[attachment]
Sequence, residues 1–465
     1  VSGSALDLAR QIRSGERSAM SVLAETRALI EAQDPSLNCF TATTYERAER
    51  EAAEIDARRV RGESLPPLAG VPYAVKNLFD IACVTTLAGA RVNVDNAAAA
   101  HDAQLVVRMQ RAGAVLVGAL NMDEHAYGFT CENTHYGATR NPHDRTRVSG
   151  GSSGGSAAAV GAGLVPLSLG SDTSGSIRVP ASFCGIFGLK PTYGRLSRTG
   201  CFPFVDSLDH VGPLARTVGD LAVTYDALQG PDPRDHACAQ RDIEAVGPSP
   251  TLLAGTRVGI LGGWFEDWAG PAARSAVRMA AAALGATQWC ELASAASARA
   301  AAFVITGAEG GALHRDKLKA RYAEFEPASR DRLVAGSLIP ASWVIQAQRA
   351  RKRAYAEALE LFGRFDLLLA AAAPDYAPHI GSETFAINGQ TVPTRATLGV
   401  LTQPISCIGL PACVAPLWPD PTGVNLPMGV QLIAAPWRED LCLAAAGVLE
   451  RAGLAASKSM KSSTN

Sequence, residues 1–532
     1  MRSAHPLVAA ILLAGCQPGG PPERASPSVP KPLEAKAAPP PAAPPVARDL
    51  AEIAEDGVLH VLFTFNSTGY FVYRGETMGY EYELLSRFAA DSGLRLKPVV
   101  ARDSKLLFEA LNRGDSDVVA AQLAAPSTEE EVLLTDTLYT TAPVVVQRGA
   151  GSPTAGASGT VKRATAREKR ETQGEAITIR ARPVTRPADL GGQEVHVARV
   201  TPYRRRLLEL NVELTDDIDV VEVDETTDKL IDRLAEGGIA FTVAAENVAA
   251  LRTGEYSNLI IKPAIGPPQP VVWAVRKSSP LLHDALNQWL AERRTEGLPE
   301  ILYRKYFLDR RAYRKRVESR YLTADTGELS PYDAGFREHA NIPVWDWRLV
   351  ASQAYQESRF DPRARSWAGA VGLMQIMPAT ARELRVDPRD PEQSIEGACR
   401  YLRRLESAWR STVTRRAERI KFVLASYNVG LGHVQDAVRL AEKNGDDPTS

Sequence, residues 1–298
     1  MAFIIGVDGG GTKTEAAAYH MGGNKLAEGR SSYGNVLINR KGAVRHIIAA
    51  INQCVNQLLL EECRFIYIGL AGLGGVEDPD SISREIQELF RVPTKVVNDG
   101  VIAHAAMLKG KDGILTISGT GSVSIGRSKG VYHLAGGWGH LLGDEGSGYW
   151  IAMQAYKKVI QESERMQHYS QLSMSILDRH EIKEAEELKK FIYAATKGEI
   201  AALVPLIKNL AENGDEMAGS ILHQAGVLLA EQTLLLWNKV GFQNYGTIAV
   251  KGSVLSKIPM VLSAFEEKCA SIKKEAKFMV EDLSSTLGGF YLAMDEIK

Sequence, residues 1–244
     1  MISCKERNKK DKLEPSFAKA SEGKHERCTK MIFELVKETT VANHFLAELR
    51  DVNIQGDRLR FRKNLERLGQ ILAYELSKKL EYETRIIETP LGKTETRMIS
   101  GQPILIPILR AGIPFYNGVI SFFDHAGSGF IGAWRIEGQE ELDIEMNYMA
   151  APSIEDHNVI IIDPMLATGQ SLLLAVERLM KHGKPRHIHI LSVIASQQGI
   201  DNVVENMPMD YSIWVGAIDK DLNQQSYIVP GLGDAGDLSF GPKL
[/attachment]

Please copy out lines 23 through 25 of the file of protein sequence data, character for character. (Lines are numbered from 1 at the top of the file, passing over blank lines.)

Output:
     1  MAFIIGVDGG GTKTEAAAYH MGGNKLAEGR SSYGNVLINR KGAVRHIIAA
    51  INQCVNQLLL EECRFIYIGL AGLGGVEDPD SISREIQELF RVPTKVVNDG
   101  VIAHAAMLKG KDGILTISGT GSVSIGRSKG VYHLAGGWGH LLGDEGSGYW